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June 1990

Limitations of Computerized Depth Measurements

Author Affiliations

Ithaca, NY

Arch Ophthalmol. 1990;108(6):779. doi:10.1001/archopht.1990.01070080021010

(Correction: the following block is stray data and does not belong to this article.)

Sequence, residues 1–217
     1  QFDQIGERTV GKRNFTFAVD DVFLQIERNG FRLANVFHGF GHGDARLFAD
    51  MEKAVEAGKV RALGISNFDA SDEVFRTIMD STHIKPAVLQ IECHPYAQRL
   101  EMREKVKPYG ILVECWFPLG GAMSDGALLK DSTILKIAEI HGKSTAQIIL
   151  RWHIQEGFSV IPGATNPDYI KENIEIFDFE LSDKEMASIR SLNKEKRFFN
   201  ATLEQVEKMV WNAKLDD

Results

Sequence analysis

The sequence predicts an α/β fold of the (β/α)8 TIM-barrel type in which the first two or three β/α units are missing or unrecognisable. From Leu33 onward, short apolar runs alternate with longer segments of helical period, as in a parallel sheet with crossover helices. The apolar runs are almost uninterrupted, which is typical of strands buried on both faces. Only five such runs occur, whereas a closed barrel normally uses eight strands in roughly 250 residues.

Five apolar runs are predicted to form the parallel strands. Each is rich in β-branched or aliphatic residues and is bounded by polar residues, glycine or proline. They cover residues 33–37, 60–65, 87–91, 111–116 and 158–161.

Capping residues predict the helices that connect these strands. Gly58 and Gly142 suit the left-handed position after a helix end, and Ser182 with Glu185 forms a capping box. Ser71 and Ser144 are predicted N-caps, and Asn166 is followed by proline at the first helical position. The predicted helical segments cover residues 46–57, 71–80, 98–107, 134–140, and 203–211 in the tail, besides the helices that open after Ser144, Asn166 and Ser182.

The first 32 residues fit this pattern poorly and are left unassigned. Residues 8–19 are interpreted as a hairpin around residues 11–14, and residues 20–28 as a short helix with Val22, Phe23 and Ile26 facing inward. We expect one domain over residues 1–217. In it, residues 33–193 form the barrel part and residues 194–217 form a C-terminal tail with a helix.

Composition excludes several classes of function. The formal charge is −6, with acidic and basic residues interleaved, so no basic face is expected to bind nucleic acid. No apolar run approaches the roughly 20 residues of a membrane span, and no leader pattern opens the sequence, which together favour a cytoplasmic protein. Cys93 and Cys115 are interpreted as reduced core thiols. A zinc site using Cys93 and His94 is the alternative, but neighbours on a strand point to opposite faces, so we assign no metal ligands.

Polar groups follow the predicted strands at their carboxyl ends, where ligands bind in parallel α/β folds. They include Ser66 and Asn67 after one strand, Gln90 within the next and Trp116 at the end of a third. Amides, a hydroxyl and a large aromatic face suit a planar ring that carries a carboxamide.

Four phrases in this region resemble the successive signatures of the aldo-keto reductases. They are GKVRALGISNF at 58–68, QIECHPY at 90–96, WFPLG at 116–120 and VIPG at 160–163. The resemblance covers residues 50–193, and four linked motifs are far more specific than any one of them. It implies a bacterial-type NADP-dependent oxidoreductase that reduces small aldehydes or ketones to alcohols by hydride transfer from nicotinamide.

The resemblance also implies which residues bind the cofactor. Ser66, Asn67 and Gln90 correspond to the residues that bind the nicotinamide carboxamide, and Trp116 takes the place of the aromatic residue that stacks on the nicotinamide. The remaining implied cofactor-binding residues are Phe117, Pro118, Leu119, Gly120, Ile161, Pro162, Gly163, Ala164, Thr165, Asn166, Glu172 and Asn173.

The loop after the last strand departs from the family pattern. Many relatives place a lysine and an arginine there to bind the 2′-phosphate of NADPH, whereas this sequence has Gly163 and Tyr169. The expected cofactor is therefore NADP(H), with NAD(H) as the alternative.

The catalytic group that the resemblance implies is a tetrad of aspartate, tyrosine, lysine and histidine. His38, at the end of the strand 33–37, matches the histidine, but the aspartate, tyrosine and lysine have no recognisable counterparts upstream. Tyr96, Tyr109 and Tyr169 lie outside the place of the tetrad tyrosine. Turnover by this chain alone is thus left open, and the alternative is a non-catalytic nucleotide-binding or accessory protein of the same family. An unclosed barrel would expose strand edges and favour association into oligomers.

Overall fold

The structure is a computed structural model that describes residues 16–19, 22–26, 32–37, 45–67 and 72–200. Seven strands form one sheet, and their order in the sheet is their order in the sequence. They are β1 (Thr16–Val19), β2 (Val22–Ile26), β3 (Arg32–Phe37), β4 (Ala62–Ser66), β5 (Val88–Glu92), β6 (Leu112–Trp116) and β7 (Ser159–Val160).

To the Editor.  —Drs Dandona et al1 have alerted clinicians to the very limited ability of the current generation of computerized optic nerve analysis devices to reliably perform three-dimensional measurements.Accuracy is limited by the absolute resolution of the computer system. The device described in this article used a display of 512 × 512 pixels. It was noted that, with this system, 10 pixels is equivalent to 100 μm on the disc surface. The angular disparity between the axes of the two images was 5.8°. Geometric examination shows that, with this construction, a depth difference of 97.8 μm is needed to create a 1-pixel disparity on the retinal surface. This factor, by itself, is capable of accounting for the documented variability. It is likely that three-dimensional topographic analysis will become more useful as computer systems with 2000 lines of resolution become available.

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